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Compositional simulation of miscible processes

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Prediction of a miscible flood is best done with a compositional reservoir simulator. The simulation must be able to predict the phase behavior as well as the sweep behavior in the reservoir to forecast such quantities as incremental oil recovery, miscible-solvent requirement, and solvent utilization efficiency and to optimize such variables as solvent composition, operating pressure, slug size, water-alternating-gas (WAG) ratio, injection-well placement, and injection rate.

The compositional reservoir simulator calculates the flow in up to three dimensions of solvent, oil, and water phases as well as n components in the solvent and oil phases. It also computes the phase equilibrium of the oil and solvent phases (i.e., the equilibrium compositions and relative volumes of the solvent and oil phases) in each gridblock of the simulator. In addition, it computes solvent- and oil-phase densities. The equilibrium compositions and densities are calculated with an equation of state (EOS). From knowledge of the phase compositions and densities, solvent and oil viscosity and other properties such as interfacial tension are estimated from correlations.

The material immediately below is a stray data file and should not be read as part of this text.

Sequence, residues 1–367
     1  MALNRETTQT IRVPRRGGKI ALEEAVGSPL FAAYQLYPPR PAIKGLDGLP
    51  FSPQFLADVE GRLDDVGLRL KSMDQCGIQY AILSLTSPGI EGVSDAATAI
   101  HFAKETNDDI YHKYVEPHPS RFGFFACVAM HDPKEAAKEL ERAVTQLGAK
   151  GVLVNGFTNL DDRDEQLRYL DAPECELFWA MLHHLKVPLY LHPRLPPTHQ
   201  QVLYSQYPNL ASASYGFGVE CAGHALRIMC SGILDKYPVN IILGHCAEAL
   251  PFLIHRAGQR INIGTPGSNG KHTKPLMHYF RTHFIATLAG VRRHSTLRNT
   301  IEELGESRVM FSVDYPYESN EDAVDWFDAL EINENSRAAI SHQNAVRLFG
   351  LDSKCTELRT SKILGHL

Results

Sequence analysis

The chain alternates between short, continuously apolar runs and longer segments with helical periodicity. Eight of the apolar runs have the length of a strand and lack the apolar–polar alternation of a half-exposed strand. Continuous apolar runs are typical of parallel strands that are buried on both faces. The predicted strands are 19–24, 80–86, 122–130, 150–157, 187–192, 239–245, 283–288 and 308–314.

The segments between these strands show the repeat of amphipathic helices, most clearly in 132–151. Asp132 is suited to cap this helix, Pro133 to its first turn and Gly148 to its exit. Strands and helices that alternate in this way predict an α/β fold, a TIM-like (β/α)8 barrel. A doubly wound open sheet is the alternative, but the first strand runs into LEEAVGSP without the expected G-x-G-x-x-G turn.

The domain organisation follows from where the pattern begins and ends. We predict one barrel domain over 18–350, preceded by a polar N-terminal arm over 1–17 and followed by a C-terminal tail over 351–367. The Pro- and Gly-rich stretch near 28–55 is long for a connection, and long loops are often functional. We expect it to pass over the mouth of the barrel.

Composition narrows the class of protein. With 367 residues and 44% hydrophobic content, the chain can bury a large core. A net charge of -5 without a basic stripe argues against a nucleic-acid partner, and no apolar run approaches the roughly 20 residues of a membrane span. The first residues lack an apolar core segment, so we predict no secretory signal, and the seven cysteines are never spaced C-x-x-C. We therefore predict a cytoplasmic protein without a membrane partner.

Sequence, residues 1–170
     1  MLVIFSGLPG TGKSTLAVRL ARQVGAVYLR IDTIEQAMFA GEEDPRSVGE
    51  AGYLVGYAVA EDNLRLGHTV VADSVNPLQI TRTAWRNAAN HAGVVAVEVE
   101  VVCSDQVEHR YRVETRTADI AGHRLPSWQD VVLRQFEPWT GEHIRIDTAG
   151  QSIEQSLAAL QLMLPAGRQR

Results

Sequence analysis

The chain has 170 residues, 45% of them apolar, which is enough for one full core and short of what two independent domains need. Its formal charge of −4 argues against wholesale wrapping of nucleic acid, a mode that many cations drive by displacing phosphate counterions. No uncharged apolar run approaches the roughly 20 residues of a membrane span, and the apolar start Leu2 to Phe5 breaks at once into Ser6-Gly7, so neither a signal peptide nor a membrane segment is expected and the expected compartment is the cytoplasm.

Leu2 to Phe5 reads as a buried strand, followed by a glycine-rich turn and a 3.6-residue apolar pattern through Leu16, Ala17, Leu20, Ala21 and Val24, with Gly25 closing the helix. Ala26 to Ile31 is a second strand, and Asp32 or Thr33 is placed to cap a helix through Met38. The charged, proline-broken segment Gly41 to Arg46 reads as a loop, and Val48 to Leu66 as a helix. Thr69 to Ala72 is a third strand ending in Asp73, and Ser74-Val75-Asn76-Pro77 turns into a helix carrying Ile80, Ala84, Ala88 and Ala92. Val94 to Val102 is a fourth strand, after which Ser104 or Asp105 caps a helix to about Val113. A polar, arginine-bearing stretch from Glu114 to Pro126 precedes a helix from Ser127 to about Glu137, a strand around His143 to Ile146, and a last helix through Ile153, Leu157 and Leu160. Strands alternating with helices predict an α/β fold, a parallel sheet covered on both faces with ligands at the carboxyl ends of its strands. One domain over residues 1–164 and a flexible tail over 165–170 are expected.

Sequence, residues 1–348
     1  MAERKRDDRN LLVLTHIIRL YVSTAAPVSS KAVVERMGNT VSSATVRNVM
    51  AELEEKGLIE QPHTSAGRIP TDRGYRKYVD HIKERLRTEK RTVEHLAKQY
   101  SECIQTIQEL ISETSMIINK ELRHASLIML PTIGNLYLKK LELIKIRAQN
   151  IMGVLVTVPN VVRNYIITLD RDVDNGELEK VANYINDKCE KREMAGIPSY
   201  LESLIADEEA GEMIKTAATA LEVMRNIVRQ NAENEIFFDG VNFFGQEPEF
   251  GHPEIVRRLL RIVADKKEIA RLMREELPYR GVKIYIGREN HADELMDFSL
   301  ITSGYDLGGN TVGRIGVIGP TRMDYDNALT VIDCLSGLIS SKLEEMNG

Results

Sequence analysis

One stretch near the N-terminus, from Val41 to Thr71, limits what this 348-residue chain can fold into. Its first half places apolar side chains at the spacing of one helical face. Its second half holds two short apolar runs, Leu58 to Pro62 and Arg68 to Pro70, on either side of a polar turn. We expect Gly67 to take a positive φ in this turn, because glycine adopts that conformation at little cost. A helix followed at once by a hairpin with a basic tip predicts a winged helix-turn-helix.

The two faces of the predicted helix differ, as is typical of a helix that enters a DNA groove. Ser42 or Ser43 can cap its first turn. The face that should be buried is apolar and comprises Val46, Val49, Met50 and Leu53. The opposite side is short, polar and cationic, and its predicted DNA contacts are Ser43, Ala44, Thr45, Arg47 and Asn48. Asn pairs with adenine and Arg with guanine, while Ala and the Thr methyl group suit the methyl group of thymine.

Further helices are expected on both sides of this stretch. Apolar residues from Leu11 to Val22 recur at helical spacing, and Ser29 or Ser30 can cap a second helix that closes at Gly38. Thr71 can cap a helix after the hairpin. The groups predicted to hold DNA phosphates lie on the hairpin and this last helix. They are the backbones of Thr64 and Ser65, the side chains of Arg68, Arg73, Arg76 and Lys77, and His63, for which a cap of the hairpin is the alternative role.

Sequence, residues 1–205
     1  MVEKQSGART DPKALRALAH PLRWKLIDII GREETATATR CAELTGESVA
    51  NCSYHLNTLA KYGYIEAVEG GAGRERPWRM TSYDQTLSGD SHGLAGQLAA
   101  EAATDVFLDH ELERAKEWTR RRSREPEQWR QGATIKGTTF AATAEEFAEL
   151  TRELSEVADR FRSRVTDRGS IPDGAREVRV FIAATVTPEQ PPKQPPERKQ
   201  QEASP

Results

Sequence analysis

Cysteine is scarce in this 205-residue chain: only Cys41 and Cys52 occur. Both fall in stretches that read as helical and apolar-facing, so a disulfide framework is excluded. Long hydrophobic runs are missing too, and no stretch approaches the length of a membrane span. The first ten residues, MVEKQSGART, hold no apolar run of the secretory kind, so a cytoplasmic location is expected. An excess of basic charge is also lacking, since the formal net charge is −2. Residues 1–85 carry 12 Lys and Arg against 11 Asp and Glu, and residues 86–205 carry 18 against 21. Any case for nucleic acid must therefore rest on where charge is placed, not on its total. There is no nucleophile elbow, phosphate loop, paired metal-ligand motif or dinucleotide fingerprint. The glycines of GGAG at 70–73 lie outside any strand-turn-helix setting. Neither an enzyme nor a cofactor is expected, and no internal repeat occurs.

Predicting phase behavior

Phase behavior can be predicted by:

Phase behavior (from both methods) provides valuable inputs to the reservoir simulator.

Advantages of using a compositional simulator

A compositional simulator is the most mechanistically accurate simulator for solvent compositional processes. When the EOS is tuned properly to appropriate experimental data, it computes realistic phase behavior. Thus, the appropriate phase behavior for flooding with enriched hydrocarbon solvent, lean hydrocarbon solvent, N2, and CO2 all can be taken into account. Compositional simulators predict the effect of changing pressure and injection-solvent composition on a displacement without the need to enter approximations into the simulator for these effects (except as the EOS itself is an approximation). The compositional simulator is capable of computing realistic behavior when pressure is well below the minimum miscibility pressure (MMP) of the injection solvent, is near but still below the MMP, or is well above the MMP. For this reason, it is ideally suited to study optimum operating conditions.

In addition to these advantages, a compositional simulation, to a large degree, removes the need for a user-defined miscible flood residual oil saturation, as it naturally computes the amount of residual oil left after the interaction of phase behavior and dispersion and distributes this residual saturation realistically as a varying saturation instead of an input, constant saturation.